Author: Andrew W. Russell,Society for the Social History of Medicine
"Carole Rawcliffe continues with her mission to clean up the Middle Ages. In earlier work she has already given us scholarly yet sympathetic portrayals of English medicine, hospitals, and welfare for lepers. Now she widens her scope to public health. Her argument is clear, simple and convincing. Through the efforts of crown and civic authorities, mercantile �lites and "popular" interests, English towns and cities aspired to a far healthier, less polluted environment than previously supposed. All major sources of possible infection were regulated, from sounds and smells to corrupt matter - and to immorality. Once again Professor Rawcliffe has overturned a well-established orthodoxy in the history of pre-modern health and healing. Her book is a magnificent achievement." Peregrine Horden, Royal Holloway University of London. This first full-length study of public health in pre-Reformation England challenges a number of entrenched assumptions about the insanitary nature of urban life during "the golden age of bacteria". Adopting an interdisciplinary approach that draws on material remains as well as archives, it examines the medical, cultural and religious contexts in which ideas about the welfare of the communal body developed. Far from demonstrating indifference, ignorance or mute acceptance in the face of repeated onslaughts of epidemic disease, the rulers and residents of English towns devised sophisticated and coherent strategies for the creation of a more salubrious environment; among the plethora of initiatives whose origins often predated the Black Death can also be found measures for the improvement of the water supply, for better food standards and for the care of the sick, both rich and poor. Carole Rawcliffe is Professor of Medieval History, University of East Anglia.
Communal Health in Late Medieval English Towns and Cities
Author: Carole Rawcliffe
Publisher: Boydell & Brewer Ltd
This Encyclopedia gathers together the most recent scholarship on Medieval Italy, while offering a sweeping view of all aspects of life in Italy during the Middle Ages. This two volume, illustrated, A-Z reference is a cross-disciplinary resource for information on literature, history, the arts, science, philosophy, and religion in Italy between A.D. 450 and 1375. For more information including the introduction, a full list of entries and contributors, a generous selection of sample pages, and more, visit the Medieval Italy: An Encyclopedia website.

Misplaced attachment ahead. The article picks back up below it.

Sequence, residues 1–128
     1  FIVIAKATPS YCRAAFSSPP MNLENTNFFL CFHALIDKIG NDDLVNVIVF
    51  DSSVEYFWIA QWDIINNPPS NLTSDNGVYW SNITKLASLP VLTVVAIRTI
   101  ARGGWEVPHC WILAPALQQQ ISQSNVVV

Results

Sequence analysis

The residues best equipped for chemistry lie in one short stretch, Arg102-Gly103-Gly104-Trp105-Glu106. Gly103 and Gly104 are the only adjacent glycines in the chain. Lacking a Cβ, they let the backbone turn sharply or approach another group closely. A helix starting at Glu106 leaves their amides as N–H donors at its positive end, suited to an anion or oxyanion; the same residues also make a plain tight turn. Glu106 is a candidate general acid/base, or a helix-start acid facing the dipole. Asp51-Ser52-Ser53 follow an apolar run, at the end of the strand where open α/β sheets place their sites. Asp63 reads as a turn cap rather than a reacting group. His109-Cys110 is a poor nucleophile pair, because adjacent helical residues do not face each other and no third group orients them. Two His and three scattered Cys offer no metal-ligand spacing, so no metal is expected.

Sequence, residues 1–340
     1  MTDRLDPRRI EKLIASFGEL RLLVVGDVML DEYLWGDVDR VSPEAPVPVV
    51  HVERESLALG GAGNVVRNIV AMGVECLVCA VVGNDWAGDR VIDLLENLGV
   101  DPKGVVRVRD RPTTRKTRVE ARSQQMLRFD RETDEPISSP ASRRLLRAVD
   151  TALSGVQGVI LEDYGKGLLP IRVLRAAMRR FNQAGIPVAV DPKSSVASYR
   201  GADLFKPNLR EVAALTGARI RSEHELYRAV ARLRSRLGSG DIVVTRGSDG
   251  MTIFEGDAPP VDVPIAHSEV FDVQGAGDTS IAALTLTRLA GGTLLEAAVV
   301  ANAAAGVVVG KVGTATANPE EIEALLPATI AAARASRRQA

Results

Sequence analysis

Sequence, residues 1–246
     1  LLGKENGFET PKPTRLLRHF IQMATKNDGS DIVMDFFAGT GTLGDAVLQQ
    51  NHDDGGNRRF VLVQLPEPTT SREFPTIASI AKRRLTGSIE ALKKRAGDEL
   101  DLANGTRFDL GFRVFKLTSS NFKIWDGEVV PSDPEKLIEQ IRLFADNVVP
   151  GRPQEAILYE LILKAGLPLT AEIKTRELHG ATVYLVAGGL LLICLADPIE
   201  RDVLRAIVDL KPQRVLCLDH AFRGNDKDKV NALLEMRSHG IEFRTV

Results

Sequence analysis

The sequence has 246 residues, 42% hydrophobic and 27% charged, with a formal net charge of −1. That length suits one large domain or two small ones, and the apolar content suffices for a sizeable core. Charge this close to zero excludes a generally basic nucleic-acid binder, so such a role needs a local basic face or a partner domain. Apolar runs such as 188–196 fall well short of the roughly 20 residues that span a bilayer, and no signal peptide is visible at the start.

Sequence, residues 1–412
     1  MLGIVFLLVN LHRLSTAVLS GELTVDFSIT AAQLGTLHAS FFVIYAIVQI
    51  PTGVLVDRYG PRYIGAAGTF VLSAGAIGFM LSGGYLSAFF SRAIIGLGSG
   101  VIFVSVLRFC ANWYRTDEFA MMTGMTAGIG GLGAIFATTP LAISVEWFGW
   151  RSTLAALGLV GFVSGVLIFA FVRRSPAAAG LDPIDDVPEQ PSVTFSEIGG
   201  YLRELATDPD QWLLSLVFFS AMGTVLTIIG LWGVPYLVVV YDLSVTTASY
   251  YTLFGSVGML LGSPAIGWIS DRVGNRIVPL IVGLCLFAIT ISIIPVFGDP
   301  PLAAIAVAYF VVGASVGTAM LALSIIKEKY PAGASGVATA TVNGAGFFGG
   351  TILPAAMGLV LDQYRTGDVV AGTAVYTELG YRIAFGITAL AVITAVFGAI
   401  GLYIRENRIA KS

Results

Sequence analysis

Author: Christopher Kleinhenz
This encyclopedia provides 300 interdisciplinary, cross-referenced entries that document the effect of the plague on Western society across the four centuries of the second plague pandemic, balancing medical history and technical matters with historical, cultural, social, and political factors. • 300 A–Z interdisciplinary entries on medical matters and historical issues • Each entry includes up-to-date resources for further research
Author: Joseph P. Byrne Ph.D.
The Trotula was the most influential compendium on women's medicine in medieval Europe. Scholarly debate has long focused on the traditional attribution of the work to the mysterious Trotula, said to have been the first female professor of medicine in eleventh- or twelfth-century Salerno, just south of Naples, then the leading center of medical learning in Europe. Yet as Monica H. Green reveals in her introduction to this first edition of the Latin text since the sixteenth century, and the first English translation of the book ever based upon a medieval form of the text, the Trotula is not a single treatise but an ensemble of three independent works, each by a different author. To varying degrees, these three works reflect the synthesis of indigenous practices of southern Italians with the new theories, practices, and medicinal substances coming out of the Arabic world. Arguing that these texts can be understood only within the intellectual and social context that produced them, Green analyzes them against the background of historical gynecological literature as well as current knowledge about women's lives in twelfth-century southern Italy. She examines the history and composition of the three works and introduces the reader to the medical culture of medieval Salerno from which they emerged. Among her findings is that the second of the three texts, "On the Treatments for Women," does derive from the work of a Salernitan woman healer named Trota. However, the other two texts—"On the Conditions of Women" and "On Women's Cosmetics"—are probably of male authorship, a fact indicating the complex gender relations surrounding the production and use of knowledge about the female body. Through an exhaustive study of the extant manuscripts of the Trotula, Green presents a critical edition of the so-called standardized Trotula ensemble, a composite form of the texts that was produced in the mid-thirteenth century and circulated widely in learned circles. The facing-page complete English translation makes the work accessible to a broad audience of readers interested in medieval history, women's studies, and premodern systems of medical thought and practice.